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Unusual 4 Buddhist swastika 19th C. Antique Monastery Wangden Tibet Meditation Rug. Wangdens have a warp faced backing, sometimes with fringe. These rugs are considerably heavier and more comfortable to be used in the monastery. The sole purpose of the Wangden was monastic, these were not made for the individual. Rarely did they find their way to the private residence. mid-expensive level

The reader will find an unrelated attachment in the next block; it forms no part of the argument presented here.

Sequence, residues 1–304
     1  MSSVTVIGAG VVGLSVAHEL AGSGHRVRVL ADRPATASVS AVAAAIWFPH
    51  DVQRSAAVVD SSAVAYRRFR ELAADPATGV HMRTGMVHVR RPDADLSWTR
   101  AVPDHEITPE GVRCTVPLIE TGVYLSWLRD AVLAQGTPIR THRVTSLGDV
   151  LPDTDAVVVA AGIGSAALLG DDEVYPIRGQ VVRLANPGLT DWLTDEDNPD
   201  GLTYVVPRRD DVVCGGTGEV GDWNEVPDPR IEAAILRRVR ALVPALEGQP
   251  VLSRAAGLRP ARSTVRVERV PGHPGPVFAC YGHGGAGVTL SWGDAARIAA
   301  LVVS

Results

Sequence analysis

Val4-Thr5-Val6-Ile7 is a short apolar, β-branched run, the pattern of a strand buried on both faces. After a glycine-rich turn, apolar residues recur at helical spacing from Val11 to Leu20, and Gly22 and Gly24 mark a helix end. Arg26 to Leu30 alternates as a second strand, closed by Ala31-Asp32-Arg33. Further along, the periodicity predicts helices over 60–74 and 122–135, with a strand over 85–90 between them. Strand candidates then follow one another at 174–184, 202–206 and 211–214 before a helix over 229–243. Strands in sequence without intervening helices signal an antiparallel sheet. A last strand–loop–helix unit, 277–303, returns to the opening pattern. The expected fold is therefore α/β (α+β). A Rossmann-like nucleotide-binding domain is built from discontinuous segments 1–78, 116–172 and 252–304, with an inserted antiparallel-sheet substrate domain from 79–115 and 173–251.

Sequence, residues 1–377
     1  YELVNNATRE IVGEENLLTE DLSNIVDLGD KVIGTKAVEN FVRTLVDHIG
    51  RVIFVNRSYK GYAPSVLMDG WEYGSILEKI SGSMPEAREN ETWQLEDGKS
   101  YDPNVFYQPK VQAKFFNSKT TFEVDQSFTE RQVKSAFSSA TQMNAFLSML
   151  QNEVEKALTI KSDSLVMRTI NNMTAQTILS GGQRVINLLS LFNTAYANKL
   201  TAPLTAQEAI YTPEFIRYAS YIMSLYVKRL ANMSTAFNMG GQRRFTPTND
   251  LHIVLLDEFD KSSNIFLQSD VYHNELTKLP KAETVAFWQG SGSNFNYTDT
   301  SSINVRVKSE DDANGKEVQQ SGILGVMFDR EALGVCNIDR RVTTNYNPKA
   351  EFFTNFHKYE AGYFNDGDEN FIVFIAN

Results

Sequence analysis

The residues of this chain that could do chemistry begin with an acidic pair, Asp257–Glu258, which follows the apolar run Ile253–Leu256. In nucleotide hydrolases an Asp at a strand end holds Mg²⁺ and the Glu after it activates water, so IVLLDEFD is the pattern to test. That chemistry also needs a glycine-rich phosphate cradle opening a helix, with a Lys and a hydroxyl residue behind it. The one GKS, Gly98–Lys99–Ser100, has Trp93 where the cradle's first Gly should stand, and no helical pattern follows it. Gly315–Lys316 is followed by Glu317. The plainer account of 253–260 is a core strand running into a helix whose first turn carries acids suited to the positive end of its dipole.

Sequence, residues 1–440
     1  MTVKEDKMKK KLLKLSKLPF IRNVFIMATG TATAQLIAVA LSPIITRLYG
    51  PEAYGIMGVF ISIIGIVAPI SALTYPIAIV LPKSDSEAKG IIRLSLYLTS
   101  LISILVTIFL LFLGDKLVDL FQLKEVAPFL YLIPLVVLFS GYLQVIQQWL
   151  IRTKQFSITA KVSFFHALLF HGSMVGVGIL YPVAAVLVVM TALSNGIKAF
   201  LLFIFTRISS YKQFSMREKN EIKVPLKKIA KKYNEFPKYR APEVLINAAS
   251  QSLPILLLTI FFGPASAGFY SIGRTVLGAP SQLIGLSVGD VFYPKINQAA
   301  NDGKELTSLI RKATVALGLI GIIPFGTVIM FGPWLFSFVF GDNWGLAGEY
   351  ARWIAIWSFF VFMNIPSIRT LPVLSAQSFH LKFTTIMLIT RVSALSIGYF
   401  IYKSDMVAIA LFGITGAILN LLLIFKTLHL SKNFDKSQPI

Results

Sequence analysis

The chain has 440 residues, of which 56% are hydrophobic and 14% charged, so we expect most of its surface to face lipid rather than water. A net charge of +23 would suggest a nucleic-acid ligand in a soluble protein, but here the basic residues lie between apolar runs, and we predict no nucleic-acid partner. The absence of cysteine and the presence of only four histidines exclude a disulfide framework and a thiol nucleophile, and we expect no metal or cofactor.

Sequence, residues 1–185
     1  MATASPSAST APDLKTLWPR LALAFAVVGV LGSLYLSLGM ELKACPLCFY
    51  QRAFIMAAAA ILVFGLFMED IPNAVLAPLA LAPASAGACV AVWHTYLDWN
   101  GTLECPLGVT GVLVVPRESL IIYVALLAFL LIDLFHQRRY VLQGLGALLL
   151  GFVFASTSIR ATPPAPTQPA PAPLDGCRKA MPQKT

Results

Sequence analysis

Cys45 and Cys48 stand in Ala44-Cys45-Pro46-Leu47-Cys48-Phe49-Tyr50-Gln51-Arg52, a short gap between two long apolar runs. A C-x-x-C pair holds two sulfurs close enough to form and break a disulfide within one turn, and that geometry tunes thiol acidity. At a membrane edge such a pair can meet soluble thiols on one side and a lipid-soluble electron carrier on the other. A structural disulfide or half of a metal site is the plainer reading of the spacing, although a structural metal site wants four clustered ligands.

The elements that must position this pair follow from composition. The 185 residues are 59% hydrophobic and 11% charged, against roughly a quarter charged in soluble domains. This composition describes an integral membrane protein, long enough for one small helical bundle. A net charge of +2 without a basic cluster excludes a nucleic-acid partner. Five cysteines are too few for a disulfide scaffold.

The Swastika is a good-luck symbol and is conducive to well-being. In the Buddhist tradition, the swastika symbolizes the feet or footprints of the Buddha. With the spread of Buddhism, it has passed into the iconography of China and Japan where it has been used to denote abundance, prosperity and long life. In India, Hindus use the swastika at thresholds, doors, and offerings. In ancient Mesopotamia it was a favourite symbol on coinage, In Scandinavia it was the symbol for the god Thor's hammer. In early Christian art it was called the gammadion cross because it was made of four gammas.